medium and material pencil and

Before Origin: the ‘big book’

Summary

Darwin began ‘sorting notes for Species Theory’ on 9 September 1854, the very day he concluded his eight-year study of barnacles (Darwin's Journal). He had long considered the question of species. In 1842, he outlined a theory of transmutation in a…

Matches: 22 hits

  • Darwin begansorting notes for Species Theoryon 9 September 1854, the
  • day he concluded his eight-year study of barnacles ( Darwin's Journal ). He had long
  • to paper in a more substantial essay. By this point, Darwin had also admitted to his close friend
  • he acknowledged, ‘ like confessing a murder ’. While Darwin recognised he had far more work to do
  • reaction to the transmutation theory it contained convinced Darwin that further evidence for the
  • of Vestiges to him. It took another ten years before Darwin felt ready to start collating his
  • six months before he started sorting his species notes, Darwin had worried that the process would
  • I shall feel, if I when I get my notes together on species &amp;c &amp;c, the whole thing explodes
  • immutability of species ’, he told his cousin William Darwin Fox. Experimental work
  • set up to provide crucial evidence for his arguments. Fox, Darwin assumed, would have bred pigeons
  • intensely bred to exaggerate particular characters, would, Darwin believed, clearly exhibit the
  • amusementand be ahorrid bore ’. Contrary to Darwins expectations, however, the pigeon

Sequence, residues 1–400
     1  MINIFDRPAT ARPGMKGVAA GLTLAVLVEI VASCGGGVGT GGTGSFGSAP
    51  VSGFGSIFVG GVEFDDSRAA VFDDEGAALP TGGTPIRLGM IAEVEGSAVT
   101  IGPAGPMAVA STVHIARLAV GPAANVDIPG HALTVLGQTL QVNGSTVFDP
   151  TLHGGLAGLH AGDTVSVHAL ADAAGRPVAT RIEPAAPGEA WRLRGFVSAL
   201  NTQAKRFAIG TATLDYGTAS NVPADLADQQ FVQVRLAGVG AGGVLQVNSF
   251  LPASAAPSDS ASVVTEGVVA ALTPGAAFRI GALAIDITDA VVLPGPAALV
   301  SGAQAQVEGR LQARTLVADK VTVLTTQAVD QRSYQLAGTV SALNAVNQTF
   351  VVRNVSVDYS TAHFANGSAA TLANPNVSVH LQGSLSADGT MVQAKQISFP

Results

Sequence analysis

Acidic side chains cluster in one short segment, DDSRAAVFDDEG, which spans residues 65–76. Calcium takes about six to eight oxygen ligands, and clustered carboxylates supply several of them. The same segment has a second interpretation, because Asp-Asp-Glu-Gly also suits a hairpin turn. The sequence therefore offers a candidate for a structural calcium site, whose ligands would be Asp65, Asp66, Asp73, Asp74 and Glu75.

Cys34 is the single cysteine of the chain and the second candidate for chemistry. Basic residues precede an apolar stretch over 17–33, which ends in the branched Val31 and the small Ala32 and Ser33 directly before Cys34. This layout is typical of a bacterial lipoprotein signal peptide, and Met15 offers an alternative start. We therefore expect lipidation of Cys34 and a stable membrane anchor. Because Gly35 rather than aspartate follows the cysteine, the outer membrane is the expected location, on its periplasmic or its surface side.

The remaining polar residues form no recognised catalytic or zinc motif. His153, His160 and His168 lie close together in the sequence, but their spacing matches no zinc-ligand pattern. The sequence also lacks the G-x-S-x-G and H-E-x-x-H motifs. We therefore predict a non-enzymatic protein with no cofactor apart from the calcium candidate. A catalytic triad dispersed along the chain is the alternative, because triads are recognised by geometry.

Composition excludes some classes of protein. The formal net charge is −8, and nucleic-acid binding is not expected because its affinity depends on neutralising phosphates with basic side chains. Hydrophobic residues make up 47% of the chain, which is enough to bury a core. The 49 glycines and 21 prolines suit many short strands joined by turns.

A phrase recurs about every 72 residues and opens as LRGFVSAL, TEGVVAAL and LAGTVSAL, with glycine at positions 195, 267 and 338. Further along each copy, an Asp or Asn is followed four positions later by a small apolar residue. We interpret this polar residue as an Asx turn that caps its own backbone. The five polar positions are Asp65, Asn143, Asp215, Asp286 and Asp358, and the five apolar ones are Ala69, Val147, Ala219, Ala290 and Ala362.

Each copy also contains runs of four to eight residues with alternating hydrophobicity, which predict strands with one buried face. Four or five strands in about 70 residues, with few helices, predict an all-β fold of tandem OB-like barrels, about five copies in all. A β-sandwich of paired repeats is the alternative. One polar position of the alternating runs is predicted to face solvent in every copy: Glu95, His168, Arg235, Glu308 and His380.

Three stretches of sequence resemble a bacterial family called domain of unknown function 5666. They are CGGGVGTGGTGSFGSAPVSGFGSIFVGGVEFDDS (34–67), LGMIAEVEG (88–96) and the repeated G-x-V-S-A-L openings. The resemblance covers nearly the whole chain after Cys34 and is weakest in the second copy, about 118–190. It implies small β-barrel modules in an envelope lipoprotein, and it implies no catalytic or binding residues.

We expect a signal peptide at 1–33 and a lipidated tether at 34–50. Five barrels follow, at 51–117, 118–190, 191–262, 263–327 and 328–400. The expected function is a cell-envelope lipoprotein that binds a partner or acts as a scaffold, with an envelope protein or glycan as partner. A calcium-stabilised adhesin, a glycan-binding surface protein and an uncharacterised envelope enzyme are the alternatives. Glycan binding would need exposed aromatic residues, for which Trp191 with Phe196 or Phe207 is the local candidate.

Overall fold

• Henrietta . In April 1855, at the same time as Darwin began his pigeon breeding programme, …
  • Hoping to benefit from Hookers botanical expertise, Darwin inquired: ‘ will you tell me at a
  • land bridges suggested by the naturalist Edward Forbes. Darwin declared to Hooker in July 1856y
  • to me, &amp; yet I cannot honestly admit the doctrine ’. Darwin thought Forbeshypothesisan
  • of untying it. ’ Persuading men of science Darwins patient untying of the knot of
  • geograph. distribution, geological historyaffinities &amp;c &amp;c &amp;c.. And it seems to me, …
  • about the permanence of species.— By 1857, Darwin had found the confidence to describe his
  • of fellow naturalists. Grays response was everything Darwin must have hoped for. Stating that his
  • longer chapter on Instinct’, Darwin told Romanes in June 1878, ‘ I have never had time to work it
  • and a half chapters were edited and published in 1975 by R. C. Stauffer under the title Charles

People featured in the Dutch photograph album

Summary

Here is a list of people that appeared in the photograph album Darwin received for his birthday on 12 February 1877 from scientific admirers in the Netherlands. Many thanks to Hester Loeff for identifying and researching them. No. …

Matches: 4 hits

  • … list of people that appeared in the  photograph album Darwin received for his birthday on 12 …
  • … 6 october 1806 Amsterdam 31 july 1878 Amsterdam 73 …
  • … 16 february 1805 Wurzburg 23 january 1878 Den Haag 99 …
  • … 24 february 1820 Middelstum 19 november 1878 Beek 124 …

People featured in the Dutch photograph album

Summary

List of people appearing in the photograph album Darwin received from scientific admirers in the Netherlands for his birthday on 12 February 1877. We are grateful to Hester Loeff for providing this list and for permission to make her research available.…

Matches: 6 hits

  • … List of people appearing in the  photograph album Darwin received from scientific admirers in …
  • … Died just a few months after the album was sent to Charles Darwin at the age of 53 …
  • … 6 October 1806 Amsterdam 31 July 1878 Amsterdam   …
  • … Geologist, Economist an Darwinist. Corresponded with Darwin and translated The descent of Man in …
  • … 16 February 1805 Wurzburg 23 January 1878 Den Haag …
  • … 24 February 1820 Middelstum 19 November 1878 Beek   …